Rebuild and repair transportation infrastructure to be sustainable. The American Jobs Plan calls for $621 billion in transportation infrastructure and resilience, which includes various climate priorities for President. For example, the plan would fund repairing roads and bridges to improve air quality, limit greenhouse gas (GHG) emissions, and reduce congestion; incentivizing the expansion of the domestic electric vehicle (EV) industry for passenger and fleet vehicles; investing in a national network of 500,000 EV chargers by 2030; and using the federal procurement system to electrify the federal fleet. In these transportation investments, the plan prioritizes equity and forward-thinking investments. For example, the plan includes $20 billion for a new program to reconnect neighborhoods that have been divided by transportation infrastructure, as well as $25 billion for a dedicated fund to support ambitious projects that have tangible benefits to the regional or national economy but are too large or complex for existing funding programs.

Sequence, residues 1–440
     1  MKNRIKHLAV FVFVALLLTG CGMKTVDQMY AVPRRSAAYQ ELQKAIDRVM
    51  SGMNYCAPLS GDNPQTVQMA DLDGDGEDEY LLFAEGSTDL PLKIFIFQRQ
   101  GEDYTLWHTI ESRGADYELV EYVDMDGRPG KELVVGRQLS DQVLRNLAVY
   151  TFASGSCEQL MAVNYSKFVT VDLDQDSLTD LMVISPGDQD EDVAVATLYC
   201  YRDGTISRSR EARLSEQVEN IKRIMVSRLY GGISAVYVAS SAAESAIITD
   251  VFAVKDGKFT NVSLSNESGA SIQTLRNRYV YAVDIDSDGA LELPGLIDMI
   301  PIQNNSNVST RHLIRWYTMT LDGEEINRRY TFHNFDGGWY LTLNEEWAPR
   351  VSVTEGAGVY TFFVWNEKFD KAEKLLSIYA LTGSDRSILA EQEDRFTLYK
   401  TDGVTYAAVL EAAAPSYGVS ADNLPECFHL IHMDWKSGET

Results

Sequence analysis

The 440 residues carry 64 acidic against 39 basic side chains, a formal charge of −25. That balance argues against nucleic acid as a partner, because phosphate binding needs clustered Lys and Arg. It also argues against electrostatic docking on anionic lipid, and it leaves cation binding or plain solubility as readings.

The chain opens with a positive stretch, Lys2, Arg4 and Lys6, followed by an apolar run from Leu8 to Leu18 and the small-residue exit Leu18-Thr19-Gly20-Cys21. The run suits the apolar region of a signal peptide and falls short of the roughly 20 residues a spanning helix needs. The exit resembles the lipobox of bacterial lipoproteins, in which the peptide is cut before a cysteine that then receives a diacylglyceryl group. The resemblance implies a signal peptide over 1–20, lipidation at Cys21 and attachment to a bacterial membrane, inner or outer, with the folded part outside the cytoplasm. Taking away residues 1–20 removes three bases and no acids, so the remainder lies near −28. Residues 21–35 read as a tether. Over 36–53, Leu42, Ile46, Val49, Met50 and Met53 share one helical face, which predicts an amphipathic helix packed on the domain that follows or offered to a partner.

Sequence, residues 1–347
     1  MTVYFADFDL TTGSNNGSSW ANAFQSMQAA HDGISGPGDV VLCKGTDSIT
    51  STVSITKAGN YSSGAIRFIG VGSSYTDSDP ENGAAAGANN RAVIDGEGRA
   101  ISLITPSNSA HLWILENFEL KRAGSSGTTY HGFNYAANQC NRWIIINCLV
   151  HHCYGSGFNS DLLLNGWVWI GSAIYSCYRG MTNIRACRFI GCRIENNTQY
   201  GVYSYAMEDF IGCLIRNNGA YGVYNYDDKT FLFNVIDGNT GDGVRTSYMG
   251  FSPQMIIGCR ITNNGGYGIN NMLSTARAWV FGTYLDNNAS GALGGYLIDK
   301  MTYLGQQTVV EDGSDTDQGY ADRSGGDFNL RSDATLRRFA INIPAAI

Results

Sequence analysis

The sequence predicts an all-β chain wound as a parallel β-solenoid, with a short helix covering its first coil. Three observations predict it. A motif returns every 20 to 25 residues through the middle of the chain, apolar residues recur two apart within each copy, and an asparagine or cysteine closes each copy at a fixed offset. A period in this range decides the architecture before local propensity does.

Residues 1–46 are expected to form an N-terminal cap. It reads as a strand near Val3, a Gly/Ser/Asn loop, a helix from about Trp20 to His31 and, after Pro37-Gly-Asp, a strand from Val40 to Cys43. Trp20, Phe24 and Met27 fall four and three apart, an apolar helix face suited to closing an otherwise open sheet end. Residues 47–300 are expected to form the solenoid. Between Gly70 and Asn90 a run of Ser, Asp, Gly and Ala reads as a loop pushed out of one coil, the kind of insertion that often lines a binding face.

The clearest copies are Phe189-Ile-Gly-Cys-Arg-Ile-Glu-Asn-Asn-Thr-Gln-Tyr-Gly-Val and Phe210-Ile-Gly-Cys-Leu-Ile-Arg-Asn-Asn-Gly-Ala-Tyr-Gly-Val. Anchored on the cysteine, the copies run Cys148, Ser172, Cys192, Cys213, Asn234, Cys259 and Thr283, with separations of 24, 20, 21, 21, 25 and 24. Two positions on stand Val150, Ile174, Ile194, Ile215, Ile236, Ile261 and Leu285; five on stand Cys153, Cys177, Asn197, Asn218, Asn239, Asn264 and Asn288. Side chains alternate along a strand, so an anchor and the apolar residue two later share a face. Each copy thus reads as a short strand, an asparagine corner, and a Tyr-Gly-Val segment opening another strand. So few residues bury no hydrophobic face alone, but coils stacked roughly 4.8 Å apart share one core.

Climate resilience of infrastructure. President Biden notes the role climate change-fueled extreme weather plays in harming our infrastructure. The plan calls for $50 billion in dedicated investments to improve infrastructure resilience, including the electric grid, food systems, urban infrastructure, community health and hospitals, and transportation assets. These investments would target those communities most vulnerable physically and financially to climate-driven disasters and would be used to “build back above existing codes and standards.” The plan also calls on Congress to invest in protection from extreme weather events, support for agricultural resources management, and restoration of major land and water resources, in line with the Outdoor Restoration Force Act. Lastly, the plan would address the western drought crisis by investing in water efficiency and recycling programs, Tribal Water Settlements and dam safety.